I want to finally talk about your most recent album, La Conquista del Espacio. What inspired the title?
That is very difficult to answer because I believe unconsciousness is always really activated. When one works, intuition also.
Later, we began to see with Max Rompo, who was the designer of the album art, that La Conquista del Espacio was something that was everywhere—from the conquest of the miniskirt in '78, women's rights or when a flower is released from a stem, or how inside of a cell, protons and neutrons are fighting to occupy space.
Also, the conquest of the embrace, the subject in a moment. I think that La Conquista del Espacio is something that got out of hand, it ended up being very comprehensive, like El Amor Después del Amor.
Which part of the production process did you enjoy the most on this album?
I would tell you everything. Now I understood, because the first part of it was, as it always is, even now, about 10, 12 days in a small fishing village in Brazil.
I went with Diego Olivero and a friend, and there I developed the little cells I had to make the songs. It was actually very nice because things don't always appear so clearly and so genuinely, sometimes the work takes a long time. Simply, here I emptied the cells that I had on my phone, which I have been recording throughout the year, and when we started to develop it, in 12 days we had the album composed—lyrics and music.
The whole process, Jennifer, I would tell you, was totally joyful, a rare, one in an album-making idea because complications always appear at some point and they didn't exist here.
What have you learned from yourself as a creator after all these years of making music?
That it is very necessary to move from [one] place [to another]. And that it is very easy to get comfortable with what you know, but that has something to do with what's inside oneself.
I remember a poet friend, Fernando Noy, who used to tell me, "When I like myself the most and enjoy myself the most, is when I don't know myself." [Laughs.] I think this person wrote that and I always thought the same as he did, I always felt the same.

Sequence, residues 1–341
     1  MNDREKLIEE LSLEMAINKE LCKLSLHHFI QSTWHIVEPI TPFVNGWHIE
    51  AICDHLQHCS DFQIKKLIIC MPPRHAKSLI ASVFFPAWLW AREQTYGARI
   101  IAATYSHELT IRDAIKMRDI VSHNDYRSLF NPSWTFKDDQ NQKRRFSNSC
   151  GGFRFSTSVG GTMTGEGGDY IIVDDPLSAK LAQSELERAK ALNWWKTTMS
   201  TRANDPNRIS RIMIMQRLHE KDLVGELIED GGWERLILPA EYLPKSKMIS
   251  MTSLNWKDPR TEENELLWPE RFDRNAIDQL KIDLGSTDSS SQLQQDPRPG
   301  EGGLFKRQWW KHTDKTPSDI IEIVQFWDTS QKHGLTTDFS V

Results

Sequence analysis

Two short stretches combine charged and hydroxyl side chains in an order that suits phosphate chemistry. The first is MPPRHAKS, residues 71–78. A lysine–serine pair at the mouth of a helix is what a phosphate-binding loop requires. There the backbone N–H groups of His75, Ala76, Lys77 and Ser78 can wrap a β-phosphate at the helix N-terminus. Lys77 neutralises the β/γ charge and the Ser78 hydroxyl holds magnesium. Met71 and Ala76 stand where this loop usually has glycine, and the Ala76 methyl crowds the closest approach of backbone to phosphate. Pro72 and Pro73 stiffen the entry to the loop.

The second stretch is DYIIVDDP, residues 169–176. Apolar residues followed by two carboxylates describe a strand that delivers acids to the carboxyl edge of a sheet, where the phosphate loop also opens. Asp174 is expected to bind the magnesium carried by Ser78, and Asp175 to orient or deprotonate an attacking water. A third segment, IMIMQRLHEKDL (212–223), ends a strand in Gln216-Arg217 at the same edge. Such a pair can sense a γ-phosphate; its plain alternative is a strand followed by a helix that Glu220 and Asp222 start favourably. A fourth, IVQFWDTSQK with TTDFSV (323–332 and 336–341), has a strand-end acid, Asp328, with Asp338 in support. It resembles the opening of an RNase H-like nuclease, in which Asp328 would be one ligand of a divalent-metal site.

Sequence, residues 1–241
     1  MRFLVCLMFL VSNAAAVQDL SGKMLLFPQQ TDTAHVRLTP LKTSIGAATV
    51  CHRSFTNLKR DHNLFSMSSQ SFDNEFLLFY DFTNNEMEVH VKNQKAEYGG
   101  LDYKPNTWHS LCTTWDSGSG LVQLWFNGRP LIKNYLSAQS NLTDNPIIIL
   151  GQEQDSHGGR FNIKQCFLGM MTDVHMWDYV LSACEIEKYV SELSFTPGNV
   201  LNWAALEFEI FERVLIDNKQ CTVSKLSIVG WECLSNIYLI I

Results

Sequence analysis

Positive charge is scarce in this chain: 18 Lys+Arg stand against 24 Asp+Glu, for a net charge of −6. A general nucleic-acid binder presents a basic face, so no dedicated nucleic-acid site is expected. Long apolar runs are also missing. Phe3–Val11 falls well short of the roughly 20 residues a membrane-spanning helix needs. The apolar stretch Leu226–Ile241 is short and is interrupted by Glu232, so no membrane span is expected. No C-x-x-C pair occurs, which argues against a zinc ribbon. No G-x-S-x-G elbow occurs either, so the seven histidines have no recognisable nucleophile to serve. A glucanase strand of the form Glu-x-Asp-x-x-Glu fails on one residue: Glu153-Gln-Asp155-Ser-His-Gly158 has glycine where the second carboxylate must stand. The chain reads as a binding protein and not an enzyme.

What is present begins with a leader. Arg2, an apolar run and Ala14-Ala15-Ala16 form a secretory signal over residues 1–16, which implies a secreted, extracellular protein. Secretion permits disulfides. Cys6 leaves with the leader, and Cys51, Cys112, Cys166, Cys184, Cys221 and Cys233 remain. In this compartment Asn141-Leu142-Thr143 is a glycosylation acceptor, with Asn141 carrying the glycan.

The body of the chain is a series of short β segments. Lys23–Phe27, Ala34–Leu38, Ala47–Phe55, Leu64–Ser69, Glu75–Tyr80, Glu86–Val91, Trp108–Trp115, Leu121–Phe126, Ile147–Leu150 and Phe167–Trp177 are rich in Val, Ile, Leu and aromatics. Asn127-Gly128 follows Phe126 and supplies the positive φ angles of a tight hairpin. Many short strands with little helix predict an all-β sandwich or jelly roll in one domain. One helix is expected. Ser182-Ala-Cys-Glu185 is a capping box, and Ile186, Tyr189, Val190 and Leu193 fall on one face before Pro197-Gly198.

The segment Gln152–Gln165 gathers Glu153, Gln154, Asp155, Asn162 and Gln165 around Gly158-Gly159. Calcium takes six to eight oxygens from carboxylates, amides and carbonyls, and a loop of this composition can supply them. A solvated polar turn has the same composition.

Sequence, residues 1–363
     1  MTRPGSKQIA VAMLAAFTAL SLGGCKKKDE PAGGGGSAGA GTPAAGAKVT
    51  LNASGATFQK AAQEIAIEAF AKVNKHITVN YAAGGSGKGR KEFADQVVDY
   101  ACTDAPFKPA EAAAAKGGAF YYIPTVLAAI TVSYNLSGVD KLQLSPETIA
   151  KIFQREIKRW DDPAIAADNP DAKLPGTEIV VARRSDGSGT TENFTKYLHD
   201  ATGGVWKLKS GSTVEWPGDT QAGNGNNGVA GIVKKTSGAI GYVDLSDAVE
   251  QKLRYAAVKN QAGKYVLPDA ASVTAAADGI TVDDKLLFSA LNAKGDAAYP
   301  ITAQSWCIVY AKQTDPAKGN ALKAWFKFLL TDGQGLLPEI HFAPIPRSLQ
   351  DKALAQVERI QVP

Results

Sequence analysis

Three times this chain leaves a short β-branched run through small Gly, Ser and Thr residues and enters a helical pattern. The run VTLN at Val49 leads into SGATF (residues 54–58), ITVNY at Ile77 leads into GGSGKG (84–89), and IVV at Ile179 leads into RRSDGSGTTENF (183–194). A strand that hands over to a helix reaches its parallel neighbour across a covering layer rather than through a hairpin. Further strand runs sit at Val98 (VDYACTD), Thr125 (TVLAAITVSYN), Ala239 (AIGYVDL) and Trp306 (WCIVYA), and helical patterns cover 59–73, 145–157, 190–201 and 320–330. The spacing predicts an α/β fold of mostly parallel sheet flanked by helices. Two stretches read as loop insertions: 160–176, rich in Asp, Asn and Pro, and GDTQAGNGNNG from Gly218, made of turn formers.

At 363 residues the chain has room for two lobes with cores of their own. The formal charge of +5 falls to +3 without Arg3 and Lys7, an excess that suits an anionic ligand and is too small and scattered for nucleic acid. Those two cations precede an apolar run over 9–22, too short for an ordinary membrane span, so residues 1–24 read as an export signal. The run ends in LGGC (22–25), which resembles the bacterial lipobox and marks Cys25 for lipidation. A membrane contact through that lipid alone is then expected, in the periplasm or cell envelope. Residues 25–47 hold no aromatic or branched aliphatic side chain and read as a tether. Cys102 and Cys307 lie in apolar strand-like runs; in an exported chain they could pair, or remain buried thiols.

On the other hand, knowing there are inevitable consequences of the development of a style over the years, which you cannot avoid, but what I can do is incorporate different forms of an album. For example, now, for the first time, there are six songs that we are recording in which I did not play a single piano.
It is the first time that there will be no piano on an album of mine, possibly.
I say those things to encourage those things.
You already won a Latin GRAMMY; now, you are nominated for a GRAMMY, I know it's your birthday the day before the GRAMMYs. What would happen if you win a GRAMMYs for La Conquista del Espacio?
Let's see. The first thing I'm going to tell you is that I'm going to feel great gratitude to the great music school that is the United States of America, with whom and where I have been trained, among so many types of music that I have learned and enhanced.
When I am nominated, I feel the same, but like when you arrive at a high music house, such as Brazil, Mexico or Cuba, when they accept you or in Chile, Peru or Uruguay, who give you a pat on the back and say "Welcome, now you are part of the family."
I believe his award is very important in my life because they are things that complete you, I have a great intimate relationship with the music of the United States of America. There is something like a full-circle moment that would occur with that award that would give a lot of satisfaction, a lot of pleasure.
But, I tell you, I'm already very happy and having a feeling of fullness with this nomination.